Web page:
Trump is reportedly considering dismissing impeachment witness Lt. Col. Alexander Vindman as part of a broad effort to clean house after being acquitted


The White House is currently debating whether to fire Lt. Col. Alexander Vindman from his position on the National Security Council, Bloomberg News reported.

Sources told the outlet that Vindman's ouster would be part of a "broader effort to shrink" the Trump administration's foreign policy bureaucracy.

Vindman catapulted into the national spotlight last year when he was one of several witnesses who testified against President Donald Trump in the House of Representatives' impeachment inquiry.

Vindman is the top Ukraine expert on the NSC. He works at the Defense Department but has been detailed to the White House since July 2018. Vindman always planned to return to work at the Pentagon, but his potential departure ahead of schedule raises questions about whether the move is politically motivated.

Some officials may be removed from the NSC because they've been perceived as having been disloyal to Trump, Bloomberg reported, citing three people familiar with the matter. But the White House plans to illustrate Vindman's ouster, which could come as soon as Friday, as a wider effort to clean house rather than a personal vendetta against the decorated veteran.

At the center of the impeachment inquiry was a July 25 phone call between Trump and Ukrainian President Volodymyr Zelensky, during which Trump repeatedly pressured his Ukrainian counterpart to launch politically motivated investigations targeting former Vice President Joe Biden, a 2020 Democratic frontrunner, and the Democratic Party as a whole.

Trump made those demands while withholding vital military aid (which was eventually released) and a White House meeting that Zelensky desperately wants (and still hasn't gotten).

Alexander Vindman
National Security Council aide Lt. Col. Alexander Vindman is sworn in to testify before the House Intelligence Committee.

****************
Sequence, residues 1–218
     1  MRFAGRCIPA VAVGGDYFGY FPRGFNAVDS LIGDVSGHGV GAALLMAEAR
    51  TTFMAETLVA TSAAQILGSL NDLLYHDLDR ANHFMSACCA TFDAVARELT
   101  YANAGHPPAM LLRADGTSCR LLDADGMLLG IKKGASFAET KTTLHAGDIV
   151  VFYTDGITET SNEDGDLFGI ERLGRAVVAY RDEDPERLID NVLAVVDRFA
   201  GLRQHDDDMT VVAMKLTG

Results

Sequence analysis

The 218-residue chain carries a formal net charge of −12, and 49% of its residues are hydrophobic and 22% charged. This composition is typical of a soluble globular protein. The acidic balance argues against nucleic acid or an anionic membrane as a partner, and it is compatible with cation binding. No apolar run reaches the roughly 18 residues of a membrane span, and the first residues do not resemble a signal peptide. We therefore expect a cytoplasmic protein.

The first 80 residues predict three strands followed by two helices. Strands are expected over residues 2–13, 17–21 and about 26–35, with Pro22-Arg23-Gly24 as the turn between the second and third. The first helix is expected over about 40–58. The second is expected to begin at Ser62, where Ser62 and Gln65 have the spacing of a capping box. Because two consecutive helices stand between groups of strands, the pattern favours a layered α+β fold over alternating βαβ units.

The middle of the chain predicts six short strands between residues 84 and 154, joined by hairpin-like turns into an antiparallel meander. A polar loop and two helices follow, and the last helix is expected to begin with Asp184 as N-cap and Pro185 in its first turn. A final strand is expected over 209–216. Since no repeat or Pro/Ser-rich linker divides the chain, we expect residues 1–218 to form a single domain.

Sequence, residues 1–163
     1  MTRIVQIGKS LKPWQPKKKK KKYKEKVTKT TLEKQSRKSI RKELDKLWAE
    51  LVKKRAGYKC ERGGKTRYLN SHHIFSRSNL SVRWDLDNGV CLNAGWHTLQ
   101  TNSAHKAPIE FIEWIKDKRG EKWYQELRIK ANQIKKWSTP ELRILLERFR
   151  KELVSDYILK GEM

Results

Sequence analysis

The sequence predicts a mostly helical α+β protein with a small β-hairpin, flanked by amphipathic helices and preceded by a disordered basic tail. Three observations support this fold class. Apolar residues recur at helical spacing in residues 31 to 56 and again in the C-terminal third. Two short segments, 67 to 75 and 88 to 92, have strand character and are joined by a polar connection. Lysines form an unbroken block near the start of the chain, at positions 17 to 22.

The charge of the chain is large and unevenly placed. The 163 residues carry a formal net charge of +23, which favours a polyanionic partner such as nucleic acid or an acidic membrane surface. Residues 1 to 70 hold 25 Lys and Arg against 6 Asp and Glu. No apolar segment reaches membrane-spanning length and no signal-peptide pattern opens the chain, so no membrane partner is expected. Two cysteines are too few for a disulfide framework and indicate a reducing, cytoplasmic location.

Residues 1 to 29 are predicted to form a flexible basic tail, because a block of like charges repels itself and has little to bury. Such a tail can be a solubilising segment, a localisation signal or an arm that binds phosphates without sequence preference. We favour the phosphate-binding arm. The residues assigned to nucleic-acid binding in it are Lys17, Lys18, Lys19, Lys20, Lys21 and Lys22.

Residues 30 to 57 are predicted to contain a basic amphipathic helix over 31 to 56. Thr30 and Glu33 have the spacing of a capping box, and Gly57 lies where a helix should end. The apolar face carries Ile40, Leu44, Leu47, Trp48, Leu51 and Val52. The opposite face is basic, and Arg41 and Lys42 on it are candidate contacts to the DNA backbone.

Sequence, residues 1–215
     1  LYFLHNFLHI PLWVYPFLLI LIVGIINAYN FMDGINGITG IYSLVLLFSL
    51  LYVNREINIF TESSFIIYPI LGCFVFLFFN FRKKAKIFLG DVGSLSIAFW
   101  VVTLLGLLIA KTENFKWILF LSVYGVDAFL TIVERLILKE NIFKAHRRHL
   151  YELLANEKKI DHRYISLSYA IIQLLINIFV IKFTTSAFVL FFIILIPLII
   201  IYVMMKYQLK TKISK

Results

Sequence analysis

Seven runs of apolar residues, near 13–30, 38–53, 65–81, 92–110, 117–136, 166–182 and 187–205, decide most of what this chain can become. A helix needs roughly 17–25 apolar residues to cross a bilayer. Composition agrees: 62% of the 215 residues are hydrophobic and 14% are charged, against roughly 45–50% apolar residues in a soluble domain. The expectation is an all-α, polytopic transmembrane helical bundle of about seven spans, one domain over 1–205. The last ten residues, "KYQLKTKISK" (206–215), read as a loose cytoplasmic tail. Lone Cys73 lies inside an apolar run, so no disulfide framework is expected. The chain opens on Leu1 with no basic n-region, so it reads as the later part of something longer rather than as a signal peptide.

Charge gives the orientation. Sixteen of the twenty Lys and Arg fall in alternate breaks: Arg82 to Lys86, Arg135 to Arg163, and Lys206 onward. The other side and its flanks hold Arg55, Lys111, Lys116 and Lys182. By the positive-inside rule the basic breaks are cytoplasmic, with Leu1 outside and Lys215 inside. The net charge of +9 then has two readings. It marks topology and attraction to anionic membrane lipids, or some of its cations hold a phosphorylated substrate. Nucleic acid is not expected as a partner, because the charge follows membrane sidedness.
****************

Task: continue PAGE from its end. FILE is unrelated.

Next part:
Andrew Harnik/AP

Vindman directly listened in on the phone call and testified that he was "concerned" by what he heard.

"It was inappropriate, it was improper for the president to request — to demand — and investigation into a political opponent, especially a foreign power where there's at best dubious belief that this would be a completely impartial investigation," he said.

He added: "This would have significant implications if it became public knowledge, and it would be perceived as a partisan play that would undermine our Ukraine policy, and it would undermine our national security."

Vindman testified that immediately after the call ended, he reported his concerns to John Eisenberg, the NSC's top lawyer.

"When I reported my concerns, I did so out of a sense of duty," Vindman said. "My intent was to raise these concerns because they had significant national security implications for this country."

He added that after he conveyed his concerns to Eisenberg, the lawyer told him not to talk to anyone else about what he had heard. And Vindman said Eisenberg then moved a transcript of the phone call to a top-secret codeword level NSC server typically used to store sensitive information pertaining to national security.

Vindman was also a witness to other episodes that were part of the impeachment inquiry, including a July 10 White House meeting during which Gordon Sondland, the US's ambassador to the EU, explicitly told Ukrainian officials that Zelensky would get a White House meeting if he launched the investigations Trump wanted. Vindman reported details of that meeting to Eisenberg as well.

Vindman faced harsh blowback from the president and his allies in Congress after he testified against Trump behind closed doors and later in public. Among other things, he was accused of being anti-Trump and faced racist allegations of dual loyalty to Ukraine because he and his family are refugees who fled the then-Soviet Union four decades ago and came to the US.

After arriving in the US and completing his education, Vindman joined the army and received a Purple Heart after being wounded in the Iraq war.

He discussed his background when testifying before the House Intelligence Committee last year.

"Dad, my sitting here today, in the US Capitol talking to our elected officials is proof that you made the right decision forty years ago to leave the Soviet Union and come here to United State of America in search of a better life for our family," Vindman testified. "Do not worry, I will be fine for telling the truth."

Vindman also expressed gratitude in his belief that he would not face political retaliation for his testimony.

In Russia, he said, "my act of expressing my concerns to the chain of command in an official and private channel would have severe personal and professional repercussions, and offering public testimony involving the president would surely cost me my life."

"I am grateful for my father's brave act of hope 40 years ago and for the privilege of being an American citizen and public servant, where I can live free of fear for mine and my family's safety," he said.